The high school is occupied at 141 percent of the rated student capacity. There are currently about 1,797 students in the high school, and the building's rated capacity is just 1,274. There is no space for large group instruction, and there is limited ability to implement professional learning communities. The high school's common areas—the cafeteria, gym, hallways, auditorium, library, and bathrooms—are all woefully overcrowded.
The high school has 12 portable classrooms, and one of the goals is to get rid of all the portables in the district. The middle school has eight portable classrooms. Add in the portables on the elementary school campus, and there's enough classrooms to make up an entire school building.
“The modular classrooms were intended to be temporary,” Marchese told the school board.
When the presentations were finished, it was the school board's turn to have a discussion about the information that had been presented in recent weeks. It quickly became apparent that the school board members are sharply divided about how to address the facilities needs.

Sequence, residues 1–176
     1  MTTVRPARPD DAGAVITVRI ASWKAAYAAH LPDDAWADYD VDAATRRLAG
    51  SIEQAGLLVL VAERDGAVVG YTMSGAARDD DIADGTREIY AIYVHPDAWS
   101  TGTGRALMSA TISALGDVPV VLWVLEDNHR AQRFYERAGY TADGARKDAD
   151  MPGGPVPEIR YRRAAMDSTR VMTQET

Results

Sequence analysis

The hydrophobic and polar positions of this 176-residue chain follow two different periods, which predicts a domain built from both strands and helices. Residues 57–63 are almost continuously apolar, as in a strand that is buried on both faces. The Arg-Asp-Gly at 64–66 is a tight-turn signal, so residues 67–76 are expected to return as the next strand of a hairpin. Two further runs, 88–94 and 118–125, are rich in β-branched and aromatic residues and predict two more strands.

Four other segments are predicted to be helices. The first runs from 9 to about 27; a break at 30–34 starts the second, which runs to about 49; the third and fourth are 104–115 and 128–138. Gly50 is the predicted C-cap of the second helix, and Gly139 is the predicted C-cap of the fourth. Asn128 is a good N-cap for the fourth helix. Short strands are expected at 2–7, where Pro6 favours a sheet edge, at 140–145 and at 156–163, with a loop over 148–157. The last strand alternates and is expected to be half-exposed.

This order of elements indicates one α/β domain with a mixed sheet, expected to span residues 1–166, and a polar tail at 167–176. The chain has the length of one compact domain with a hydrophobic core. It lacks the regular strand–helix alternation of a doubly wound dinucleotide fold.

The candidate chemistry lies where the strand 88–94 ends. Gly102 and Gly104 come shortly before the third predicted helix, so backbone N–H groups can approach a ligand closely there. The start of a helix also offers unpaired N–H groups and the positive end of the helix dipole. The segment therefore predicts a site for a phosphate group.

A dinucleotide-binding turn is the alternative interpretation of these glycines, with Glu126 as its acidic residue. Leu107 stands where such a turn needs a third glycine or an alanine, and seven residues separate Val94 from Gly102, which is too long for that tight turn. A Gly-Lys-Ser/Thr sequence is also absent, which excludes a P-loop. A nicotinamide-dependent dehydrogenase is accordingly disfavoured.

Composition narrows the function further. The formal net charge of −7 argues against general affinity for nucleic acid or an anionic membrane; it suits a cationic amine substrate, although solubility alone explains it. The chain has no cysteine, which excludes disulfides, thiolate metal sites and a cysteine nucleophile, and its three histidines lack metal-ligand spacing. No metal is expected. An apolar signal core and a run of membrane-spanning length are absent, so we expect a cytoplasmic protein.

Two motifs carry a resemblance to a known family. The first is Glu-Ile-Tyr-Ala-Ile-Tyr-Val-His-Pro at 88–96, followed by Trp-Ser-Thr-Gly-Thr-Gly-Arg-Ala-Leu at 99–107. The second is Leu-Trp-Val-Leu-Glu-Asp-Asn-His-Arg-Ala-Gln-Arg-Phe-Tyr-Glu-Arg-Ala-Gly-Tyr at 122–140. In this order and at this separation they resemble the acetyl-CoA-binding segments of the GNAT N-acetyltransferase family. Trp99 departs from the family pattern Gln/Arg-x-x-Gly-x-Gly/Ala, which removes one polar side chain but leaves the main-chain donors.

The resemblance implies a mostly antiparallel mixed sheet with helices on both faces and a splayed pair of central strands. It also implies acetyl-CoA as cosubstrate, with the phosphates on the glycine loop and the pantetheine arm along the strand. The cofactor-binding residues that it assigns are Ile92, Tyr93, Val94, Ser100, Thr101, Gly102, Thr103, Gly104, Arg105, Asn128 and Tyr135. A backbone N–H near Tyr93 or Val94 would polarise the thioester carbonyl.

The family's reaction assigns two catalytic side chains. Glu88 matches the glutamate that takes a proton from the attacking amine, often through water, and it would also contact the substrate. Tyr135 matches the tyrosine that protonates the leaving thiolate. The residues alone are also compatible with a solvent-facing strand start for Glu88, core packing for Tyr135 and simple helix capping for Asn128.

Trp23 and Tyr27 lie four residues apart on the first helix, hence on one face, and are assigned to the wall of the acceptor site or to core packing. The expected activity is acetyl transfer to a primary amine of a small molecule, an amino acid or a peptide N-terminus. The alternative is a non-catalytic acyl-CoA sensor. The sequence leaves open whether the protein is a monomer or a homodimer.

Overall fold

At last week's facilities planning meeting, board president Tracy Lisi had asked the board members to come prepared to discuss the level of borrowing that they would support in order to fund the renovation or new construction projects that the board ultimately approves. But at the March 8 meeting, the school board did not easily coalesce around one borrowing option—and the circuitous and sometimes contentious discussion that followed didn't offer much of an indication that the school board was on the path to an agreement on a facilities plan.
One goal of having the school board members discuss the various borrowing levels was to reduce the number of options under consideration. If a majority of the board, for example, wasn't willing to exceed $52 million in borrowing, then there would be no need to talk about new construction projects because they wouldn't be possible at that borrowing level.